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Carl Noe, M.D. Answers Questions On Sciatica

Carl Noe, M.D. Answers Questions On: Sciatica

Is sciatica the same thing as back pain?

No. Sciatica is pain resulting from irritation of the sciatic nerve, the large nerve that runs from the bottom of the spinal cord down the backs of the legs.

Although it originates in the lower back, sciatica is different from back pain because the pain radiates into the buttocks, hips, legs, and even the feet.

Common causes of sciatica include disc herniation, spinal stenosis, piriformis syndrome, and injury to the sciatic nerve.

Sciatica is very common and can be quite debilitating. Because it’s nerve pain – not pain secondary to tissue damage, which we’re all familiar with – it tends to be more severe and difficult to treat.

Sciatica typically occurs on one side of the body, often in conjunction with tingling, numbness, or weakness. It can sometimes be associated with difficulty emptying the bladder or controlling bowel or bladder function.

Heavy lifting and simultaneously lifting and twisting can be risk factors for developing both back pain and sciatica. Regular conditioning exercises such as walking can prevent recurrences.

Can sciatica go away on its own?

In most cases, episodes of sciatica go away on their own; the body heals the underlying cause of the pain without any sort of invasive procedure. It’s a matter of whether people can ride out the pain for up to a month or more while that happens.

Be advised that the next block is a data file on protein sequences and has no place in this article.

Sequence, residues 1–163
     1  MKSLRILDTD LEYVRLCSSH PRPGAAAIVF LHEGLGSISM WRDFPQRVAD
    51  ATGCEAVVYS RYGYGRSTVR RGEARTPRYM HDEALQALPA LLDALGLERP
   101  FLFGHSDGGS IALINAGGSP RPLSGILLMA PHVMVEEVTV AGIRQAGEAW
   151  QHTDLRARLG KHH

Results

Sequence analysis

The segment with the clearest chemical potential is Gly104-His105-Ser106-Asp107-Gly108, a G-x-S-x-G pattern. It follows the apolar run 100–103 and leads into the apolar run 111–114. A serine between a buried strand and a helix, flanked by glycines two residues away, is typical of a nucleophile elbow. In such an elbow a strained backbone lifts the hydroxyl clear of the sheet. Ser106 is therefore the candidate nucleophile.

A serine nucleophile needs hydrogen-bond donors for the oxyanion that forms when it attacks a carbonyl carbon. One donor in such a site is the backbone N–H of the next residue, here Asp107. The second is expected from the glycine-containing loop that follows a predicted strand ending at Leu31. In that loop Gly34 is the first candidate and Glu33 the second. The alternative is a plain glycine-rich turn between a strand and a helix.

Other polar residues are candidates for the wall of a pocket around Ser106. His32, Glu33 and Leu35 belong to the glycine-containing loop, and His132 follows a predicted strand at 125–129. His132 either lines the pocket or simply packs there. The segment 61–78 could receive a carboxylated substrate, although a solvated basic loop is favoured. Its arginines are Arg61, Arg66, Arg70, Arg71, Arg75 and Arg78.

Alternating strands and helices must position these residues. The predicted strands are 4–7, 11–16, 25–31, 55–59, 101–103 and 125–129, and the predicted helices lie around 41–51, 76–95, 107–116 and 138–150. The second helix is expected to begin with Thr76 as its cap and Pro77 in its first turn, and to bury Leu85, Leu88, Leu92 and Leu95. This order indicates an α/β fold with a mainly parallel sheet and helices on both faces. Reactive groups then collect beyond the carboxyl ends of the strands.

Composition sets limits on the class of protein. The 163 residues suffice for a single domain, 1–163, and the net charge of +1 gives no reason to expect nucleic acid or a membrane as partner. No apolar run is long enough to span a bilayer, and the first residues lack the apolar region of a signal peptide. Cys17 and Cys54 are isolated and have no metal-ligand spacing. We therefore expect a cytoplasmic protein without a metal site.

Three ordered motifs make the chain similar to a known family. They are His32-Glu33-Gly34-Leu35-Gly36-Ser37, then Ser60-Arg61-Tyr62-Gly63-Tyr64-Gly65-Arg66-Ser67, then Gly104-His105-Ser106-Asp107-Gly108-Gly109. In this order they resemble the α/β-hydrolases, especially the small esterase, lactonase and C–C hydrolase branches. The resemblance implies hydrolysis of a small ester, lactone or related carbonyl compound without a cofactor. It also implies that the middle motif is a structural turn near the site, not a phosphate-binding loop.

Over-the-counter anti-inflammatory drugs such as ibuprofen and naproxen, as well as analgesics such as acetaminophen, can be as good as anything for treating sciatica.

Bed rest can actually prolong disability related to sciatica episodes, so trying to stay as active as possible during a flare-up is often the best pathway to recovery.

Yet, while treating sciatica conservatively with self-care for several weeks often relieves it, that’s not always the case.

If the pain becomes excruciating or extends below the knee, or if someone starts to experience numbness, weakness, or trouble with bladder or bowel function, that person should see a doctor.

What pain management therapies does UT Southwestern offer to patients with sciatica?

UT Southwestern’s Pain Management Program at Eugene McDermott Center for Pain Management offers every nonsurgical therapy for sciatica and other spine conditions recommended in evidence-based guidelines.

Our interdisciplinary team for patients with chronic pain includes a pain management psychologist, a pain management physical therapist, and pain doctors like myself. The cores of the Pain Management Program are cognitive behavioral therapy – a structured form of psychotherapy – and physical therapy.

We have special expertise in spine-injection procedures for radicular (radiating) pain conditions like sciatica. These include nerve blocks and epidural steroid injections. We also offer radiofrequency ablation (the use of electricity to disrupt pain signals); neuroaugmentation (the use of electrical stimulation of the nervous system to manage pain); and non-opioid pain medications. 

These therapies enable many patients to stay functional while their bodies heal naturally, which is what happens in most cases.

We also offer pain management modalities such as biofeedback and trigger-point dry-needling therapy, manual therapy, and other complementary medicine approaches for patients being treated in the interdisciplinary program.

When appropriate, we refer patients with sciatica and other types of pain to our skilled colleagues in Neurology and Neurosurgery and Orthopaedics.